A new exhibition at the National Portrait gallery celebrates the work of William Eggleston. Known by many as the ‘Godfather of Colour Photography’ his work is both insightful and fun. That said, it is the film he used that steals the show.
One subject Eggleston can’t seem to escape in his work, is colour itself. The use of the early colour film Kodachrome means certain hues are slightly saturated. His fascination with the film and eye for detail create the perfect showcase for the American dream of the day. A film that intensifies red and blue lends itself incredibly well to documenting an epoch symbolised by gas stations lit with neon and omnipresent golden arches. Though Eggleston was not an early adopter of Kodachrome (the film was first developed in 1935 by Eastman Kodak Company) he was one of the earliest people to master it and to pioneer it’s popularity. The wonder this film created, combined with it’s burgeoning accessibility took colour photography into both the fine art world and the homes of normal people simultaneously. In fact, Kodachrome was so adored, in 1973 Paul Simon even wrote a song in it’s honour…
Though not the saccharine portrayal that an ad company might come up with to sell the american dream, his work certainly seems celebratory of modernity and the context of America is unmistakable. He shows us popular culture at the time, not through it’s superstars or rock n roll sensations, but once it has filtered down to the very real, and much more humble masses of the deep south. Many of his photographs taken in the mid-seventies of the general public show slightly out-dated fashions that would be more classically associated with the 1960s and even late ‘50s. This just emphasises the concept that Eggleston was shooting real people with real lives in an age when fashion and culture was not a high turn over industry founded instant gratification.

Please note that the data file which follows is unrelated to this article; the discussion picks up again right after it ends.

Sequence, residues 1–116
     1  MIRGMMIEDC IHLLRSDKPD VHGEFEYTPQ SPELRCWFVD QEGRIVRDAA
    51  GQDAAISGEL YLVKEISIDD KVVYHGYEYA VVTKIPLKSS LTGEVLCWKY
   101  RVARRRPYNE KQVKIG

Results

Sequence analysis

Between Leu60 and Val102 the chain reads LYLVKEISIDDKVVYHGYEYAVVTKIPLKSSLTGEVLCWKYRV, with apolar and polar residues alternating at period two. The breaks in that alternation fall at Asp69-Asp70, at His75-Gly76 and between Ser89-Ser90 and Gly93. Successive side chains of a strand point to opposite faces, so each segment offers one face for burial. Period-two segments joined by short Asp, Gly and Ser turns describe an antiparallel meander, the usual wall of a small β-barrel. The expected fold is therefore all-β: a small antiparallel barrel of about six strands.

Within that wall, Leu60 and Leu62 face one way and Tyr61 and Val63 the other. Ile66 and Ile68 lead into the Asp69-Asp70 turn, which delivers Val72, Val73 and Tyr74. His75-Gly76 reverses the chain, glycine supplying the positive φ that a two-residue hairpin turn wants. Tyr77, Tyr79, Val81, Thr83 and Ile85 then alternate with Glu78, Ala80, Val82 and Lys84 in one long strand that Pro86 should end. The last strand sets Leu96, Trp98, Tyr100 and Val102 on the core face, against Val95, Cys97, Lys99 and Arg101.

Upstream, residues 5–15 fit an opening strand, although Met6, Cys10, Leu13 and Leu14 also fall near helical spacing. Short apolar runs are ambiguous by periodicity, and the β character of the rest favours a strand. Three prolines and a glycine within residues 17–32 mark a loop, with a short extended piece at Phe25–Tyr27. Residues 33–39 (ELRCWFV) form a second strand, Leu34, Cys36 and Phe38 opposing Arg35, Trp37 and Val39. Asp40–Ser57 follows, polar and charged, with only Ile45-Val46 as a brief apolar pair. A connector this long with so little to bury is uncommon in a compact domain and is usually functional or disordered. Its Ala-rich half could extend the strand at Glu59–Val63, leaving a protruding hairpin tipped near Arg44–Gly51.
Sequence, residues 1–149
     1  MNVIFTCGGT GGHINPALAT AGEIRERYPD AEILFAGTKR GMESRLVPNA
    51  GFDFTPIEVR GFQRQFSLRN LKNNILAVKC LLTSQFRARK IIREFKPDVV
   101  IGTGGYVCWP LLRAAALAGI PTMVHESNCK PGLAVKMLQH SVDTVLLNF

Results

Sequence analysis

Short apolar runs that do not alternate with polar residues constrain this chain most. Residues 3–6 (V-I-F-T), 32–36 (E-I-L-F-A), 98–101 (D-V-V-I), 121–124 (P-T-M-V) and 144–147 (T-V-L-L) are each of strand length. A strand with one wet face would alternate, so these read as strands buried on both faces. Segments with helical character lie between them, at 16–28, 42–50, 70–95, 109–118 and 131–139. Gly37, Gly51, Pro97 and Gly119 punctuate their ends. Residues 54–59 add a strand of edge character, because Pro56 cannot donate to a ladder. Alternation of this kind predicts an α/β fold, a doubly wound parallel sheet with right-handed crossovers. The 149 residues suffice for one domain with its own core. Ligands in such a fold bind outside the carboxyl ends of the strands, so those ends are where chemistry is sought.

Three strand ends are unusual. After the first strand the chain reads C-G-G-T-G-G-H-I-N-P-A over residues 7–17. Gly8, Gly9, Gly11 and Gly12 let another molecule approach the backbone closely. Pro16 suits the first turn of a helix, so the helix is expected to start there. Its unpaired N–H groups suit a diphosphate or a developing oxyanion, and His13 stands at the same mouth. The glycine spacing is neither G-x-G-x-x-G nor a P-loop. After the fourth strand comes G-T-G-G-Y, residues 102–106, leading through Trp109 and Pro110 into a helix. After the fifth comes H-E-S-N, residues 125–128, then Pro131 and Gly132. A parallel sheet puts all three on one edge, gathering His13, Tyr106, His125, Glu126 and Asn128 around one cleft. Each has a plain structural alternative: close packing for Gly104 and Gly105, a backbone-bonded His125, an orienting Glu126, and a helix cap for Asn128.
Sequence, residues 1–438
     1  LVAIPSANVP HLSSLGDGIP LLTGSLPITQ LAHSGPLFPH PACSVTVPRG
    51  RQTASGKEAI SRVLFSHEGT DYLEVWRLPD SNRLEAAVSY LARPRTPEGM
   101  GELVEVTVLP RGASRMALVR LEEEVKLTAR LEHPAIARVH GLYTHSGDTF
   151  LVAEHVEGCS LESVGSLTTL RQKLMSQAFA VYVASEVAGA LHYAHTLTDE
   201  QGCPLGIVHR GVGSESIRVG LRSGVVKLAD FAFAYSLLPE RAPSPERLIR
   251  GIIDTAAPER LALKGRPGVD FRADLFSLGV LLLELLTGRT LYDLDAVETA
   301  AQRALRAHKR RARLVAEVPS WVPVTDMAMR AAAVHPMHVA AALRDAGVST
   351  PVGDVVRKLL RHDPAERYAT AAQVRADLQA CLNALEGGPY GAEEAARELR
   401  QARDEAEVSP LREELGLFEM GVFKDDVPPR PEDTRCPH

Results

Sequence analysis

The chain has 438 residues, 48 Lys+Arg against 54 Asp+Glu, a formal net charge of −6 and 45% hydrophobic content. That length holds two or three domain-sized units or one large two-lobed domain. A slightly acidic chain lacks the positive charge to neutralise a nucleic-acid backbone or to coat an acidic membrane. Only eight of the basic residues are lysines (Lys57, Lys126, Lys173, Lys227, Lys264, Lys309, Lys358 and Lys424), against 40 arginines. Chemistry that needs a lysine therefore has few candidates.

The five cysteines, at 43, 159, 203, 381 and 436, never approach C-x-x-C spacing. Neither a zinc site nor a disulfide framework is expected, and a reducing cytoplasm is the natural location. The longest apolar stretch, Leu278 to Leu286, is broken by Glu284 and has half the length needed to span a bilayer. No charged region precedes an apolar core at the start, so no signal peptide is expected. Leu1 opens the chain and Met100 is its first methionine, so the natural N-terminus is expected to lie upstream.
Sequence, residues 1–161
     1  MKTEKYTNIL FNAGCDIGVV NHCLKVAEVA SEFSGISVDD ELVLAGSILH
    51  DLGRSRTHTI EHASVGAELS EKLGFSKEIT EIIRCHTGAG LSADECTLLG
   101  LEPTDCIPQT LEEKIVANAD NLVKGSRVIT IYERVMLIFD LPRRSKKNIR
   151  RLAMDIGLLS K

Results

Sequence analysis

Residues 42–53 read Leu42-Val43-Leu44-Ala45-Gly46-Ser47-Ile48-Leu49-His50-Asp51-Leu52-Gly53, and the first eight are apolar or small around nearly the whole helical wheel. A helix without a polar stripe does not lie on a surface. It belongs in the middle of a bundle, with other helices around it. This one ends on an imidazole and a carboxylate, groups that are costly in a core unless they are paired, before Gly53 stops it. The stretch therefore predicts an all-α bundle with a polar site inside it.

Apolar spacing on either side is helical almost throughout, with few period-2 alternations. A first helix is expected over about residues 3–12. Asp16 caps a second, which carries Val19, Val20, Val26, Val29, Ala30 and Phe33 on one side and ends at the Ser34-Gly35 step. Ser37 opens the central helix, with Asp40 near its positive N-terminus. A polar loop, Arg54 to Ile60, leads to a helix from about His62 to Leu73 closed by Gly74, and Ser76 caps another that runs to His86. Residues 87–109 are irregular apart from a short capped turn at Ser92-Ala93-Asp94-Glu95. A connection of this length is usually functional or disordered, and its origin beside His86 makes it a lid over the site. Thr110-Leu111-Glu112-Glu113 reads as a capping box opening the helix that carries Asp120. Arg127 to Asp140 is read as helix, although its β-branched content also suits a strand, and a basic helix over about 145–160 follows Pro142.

Untitled (Sumner, Mississippi, Cassidy Bayou in Background), 1971
Though what really draws people to Eggleston’s work is the beauty he finds (or creates) in the banal day-to-day existence of his subjects, it does also hold a multi-dimensional aspect if viewed through the filter of class commentary. Though this does seem rather an unconscious element and perhaps one more relevant in hindsight. Predominantly, his work is an aesthetically enthralling ode to the colourful era in which he and his subjects inhabit.
Untitled 1974 (Karen Chatham and Lesa Aldridge)
While looking at Eggleston’s work it is hard to ignore an overwhelming sense of worship to the work pre-Raphaelite brotherhood and their followers, particularly when examining the portraits he creates of the women he knows. While some are a slight doth of the cap to the era, others seem to be a tribute to actual paintings. His photograph Untitled 1974 which features Karen Chatham and the artist’s cousin, Lesa Aldridge is highly reminiscent of Wallis’ ‘Chatterton’. The electric blue folds in the material on her dress, the auburn tones in Chatham’s hair, the light source positioned in so as it implies a sort of other worldly, divinity (though significantly more divine in Wallis’ painting, Eggleston does at least position the source of the fluorescent glow in the same place). Similarly in Eggleston’s portrait of Marcia Hare taken in 1975, he floral dress, long flowing hair, open mouth and tilted, gaunt face bares a striking resemblance to the composition and palette of Millais’ ‘Ophelia’.
Untitled 1975 (Marcia Hare)
Eggleston’s visual ethos does not always fits with the code of the pre-Raphaelite brotherhood, though it could be said that one of their doctrines was followed by Eggleston, only in a very contemporary sense; ‘to study nature attentively, so as to know how to express them’. Though Eggleston’s nature was a very different one to the likes of Millais et al, his keen observation and ability to focus in and magnify a fleeting, human moment gives his work an unusual majesty that will no doubt lead to his work being studied by art and photography students for centuries to come.
William Eggleston Portraits will run until 23 October 2016 at London’s National Portrait Gallery.